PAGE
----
Say a prayer or two.

The Importance of Teaching History.

Every person has an obligation to seek the truth and speak it.  One of the most important areas for doing this is in teaching our children where they come from; their history. Sadly I have to concur with Chesterton who wrote  in 1913 “Our historians lie much more than our journalists.”

Baring this in mind a home educating mother like me has to tread with care through the historical books recommended on many curricula sites to ensure I don’t impart black legend or serious mistakes to my children. They have the right to the truth and I want to make sure that to the best of my ability they get it.

The minefield of history books and stories is a difficult one to navigate. Old books can be just as bad or worse than newer ones and I am constantly trying to be sure that what I might expose the children to in the way of ‘living fiction’ or ‘living books’ of a more factual basis are in fact true to the history they are telling.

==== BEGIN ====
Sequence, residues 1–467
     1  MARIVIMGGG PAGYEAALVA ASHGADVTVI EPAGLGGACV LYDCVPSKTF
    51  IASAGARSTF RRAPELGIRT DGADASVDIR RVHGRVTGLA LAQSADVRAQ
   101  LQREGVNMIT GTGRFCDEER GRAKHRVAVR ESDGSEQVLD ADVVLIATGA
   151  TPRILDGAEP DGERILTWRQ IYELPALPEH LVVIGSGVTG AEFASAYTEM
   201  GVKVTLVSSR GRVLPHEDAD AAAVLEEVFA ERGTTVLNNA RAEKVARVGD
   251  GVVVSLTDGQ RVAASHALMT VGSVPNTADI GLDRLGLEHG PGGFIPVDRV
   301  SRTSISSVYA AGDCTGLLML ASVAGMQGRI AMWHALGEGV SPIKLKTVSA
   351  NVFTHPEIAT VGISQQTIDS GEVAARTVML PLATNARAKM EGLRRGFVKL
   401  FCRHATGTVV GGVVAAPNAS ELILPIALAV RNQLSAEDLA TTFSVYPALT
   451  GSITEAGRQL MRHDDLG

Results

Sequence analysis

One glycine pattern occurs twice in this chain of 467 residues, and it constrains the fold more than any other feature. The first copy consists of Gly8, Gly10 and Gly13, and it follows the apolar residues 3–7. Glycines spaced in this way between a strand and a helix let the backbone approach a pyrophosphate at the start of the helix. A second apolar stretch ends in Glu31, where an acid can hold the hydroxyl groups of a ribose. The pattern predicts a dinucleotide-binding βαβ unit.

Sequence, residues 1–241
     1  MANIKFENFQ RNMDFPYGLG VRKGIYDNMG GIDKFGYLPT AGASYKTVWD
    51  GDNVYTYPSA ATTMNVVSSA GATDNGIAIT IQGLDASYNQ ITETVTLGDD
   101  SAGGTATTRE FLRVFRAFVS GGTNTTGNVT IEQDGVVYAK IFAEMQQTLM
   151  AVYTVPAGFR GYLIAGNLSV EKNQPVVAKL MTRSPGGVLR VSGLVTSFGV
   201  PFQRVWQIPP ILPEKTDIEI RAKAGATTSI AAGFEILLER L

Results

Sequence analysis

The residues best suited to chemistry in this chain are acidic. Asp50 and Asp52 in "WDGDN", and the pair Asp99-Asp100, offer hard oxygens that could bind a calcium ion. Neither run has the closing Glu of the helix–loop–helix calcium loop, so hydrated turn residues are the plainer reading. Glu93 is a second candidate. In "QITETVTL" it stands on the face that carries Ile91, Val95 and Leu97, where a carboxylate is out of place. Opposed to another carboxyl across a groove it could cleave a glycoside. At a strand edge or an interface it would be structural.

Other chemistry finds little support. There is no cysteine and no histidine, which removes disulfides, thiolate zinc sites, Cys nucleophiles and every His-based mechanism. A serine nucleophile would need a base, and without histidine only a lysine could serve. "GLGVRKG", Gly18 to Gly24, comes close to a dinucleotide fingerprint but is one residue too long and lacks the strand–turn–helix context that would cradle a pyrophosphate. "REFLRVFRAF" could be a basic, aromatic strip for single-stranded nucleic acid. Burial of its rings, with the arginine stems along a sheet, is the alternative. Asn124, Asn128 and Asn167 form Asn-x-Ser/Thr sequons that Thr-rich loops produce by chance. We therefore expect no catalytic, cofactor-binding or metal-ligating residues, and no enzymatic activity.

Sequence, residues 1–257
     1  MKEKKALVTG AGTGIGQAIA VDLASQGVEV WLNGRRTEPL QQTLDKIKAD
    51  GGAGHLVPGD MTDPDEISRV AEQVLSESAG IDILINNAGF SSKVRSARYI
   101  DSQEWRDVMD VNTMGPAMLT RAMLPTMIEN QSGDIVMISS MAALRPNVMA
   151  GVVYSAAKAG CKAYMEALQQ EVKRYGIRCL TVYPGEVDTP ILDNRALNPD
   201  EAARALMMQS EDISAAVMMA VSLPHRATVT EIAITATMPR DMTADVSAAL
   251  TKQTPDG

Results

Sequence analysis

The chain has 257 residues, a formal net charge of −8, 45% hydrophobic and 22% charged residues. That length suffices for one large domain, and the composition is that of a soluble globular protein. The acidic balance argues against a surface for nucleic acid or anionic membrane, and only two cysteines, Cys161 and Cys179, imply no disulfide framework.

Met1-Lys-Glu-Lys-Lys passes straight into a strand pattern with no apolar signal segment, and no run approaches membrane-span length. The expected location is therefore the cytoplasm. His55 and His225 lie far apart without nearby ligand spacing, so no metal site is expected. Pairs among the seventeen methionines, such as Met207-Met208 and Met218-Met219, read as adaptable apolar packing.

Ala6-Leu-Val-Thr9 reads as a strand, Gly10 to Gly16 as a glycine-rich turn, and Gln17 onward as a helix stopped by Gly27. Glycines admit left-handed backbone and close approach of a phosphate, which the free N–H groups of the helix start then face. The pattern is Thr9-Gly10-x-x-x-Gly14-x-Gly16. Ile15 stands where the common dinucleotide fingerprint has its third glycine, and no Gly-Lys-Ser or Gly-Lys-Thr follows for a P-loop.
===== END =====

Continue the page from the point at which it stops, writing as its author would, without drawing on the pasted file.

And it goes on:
Continue reading

Corpus Christie

This is sung by Tony Melendez the young man who plays guitar with his feet because he has no arms. Many of you will remember he played for Pope John Paul II. The priest in the video is Fr Stan Fortuna-a darned good musician himself. The star of the show is of course The Blessed Sacrament.

June Month of the Sacred Heart

That Resource Site has put up my little offerings of worksheets for the month of June.

If I get time I might do a few more.

Fr Ray has mentioned the lack of info about the Holy Father’s visit to the UK in September. I am going to try and put together some basic stuff as prep for that event too.

If anyone has ideas or stuff you think needs to be included in a set of worksheets for mixed aged children then let me know.